AWS Best Practices: Tagging
As part of our Best Practices series for architecting on AWS we will touch on several different topics. Today we will discuss the importance of tagging.
It is good practice to tag all your AWS resources. Tagging allows you to add one or more name-value pairs to resources in AWS. Most resources including EC2 instances, S3 buckets, Security Groups, and RDS instances can be tagged.
Tags can be used in many different ways. You can use tags to group resources that belong to the same application or the same client, to track costs, to automate certain tasks, etc. You can use tags to differentiate resources belonging to different environments. You may have a ‘development’ environment and a ‘test’ environment in the same account. If the resources are tagged appropriately it is easy to see what resources belong to what environment.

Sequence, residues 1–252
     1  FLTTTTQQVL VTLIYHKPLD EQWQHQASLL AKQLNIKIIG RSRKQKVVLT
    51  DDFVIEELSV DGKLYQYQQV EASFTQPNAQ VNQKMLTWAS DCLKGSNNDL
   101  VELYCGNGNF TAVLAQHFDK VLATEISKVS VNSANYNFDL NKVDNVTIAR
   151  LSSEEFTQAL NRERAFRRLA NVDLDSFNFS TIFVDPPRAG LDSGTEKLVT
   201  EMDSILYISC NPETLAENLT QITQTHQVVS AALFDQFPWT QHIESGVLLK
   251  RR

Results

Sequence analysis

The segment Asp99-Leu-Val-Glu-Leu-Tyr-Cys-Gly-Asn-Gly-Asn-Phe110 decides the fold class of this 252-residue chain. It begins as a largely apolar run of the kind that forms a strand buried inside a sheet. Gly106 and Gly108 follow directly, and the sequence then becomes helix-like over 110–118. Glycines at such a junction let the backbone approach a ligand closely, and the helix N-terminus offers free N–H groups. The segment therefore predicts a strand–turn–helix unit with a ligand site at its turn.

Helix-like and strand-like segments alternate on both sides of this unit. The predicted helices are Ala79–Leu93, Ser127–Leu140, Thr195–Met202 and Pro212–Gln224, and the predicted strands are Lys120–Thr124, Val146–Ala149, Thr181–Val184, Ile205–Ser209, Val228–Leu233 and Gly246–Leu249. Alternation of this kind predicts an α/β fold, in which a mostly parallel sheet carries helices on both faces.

Another useful use of tags is for EBS snapshots. By tagging snapshots you can set up scripts to delete old snapshots so that you don’t have to pay for snapshots you don’t need.
You can also use tags to trigger specific actions on a resource by using CloudWatch and Lambda functions – we will dive deeper into these two technologies in a future article.
In addition, the AWS Cost Explorer allows you to break things down by tag so having tags on all your resources can make reviewing your monthly bill easier.
A good tagging strategy uses consistent tag patterns so that they can be controlled programmatically and enforced using AWS Config (we will discuss AWS Config in more detail in a future post). Keeping the tag names all lower-case with words separated by underscores makes the names easy to read and consistent. The same applies to the value of the tags.
As always, feel free to comment below with your thoughts or ask any questions.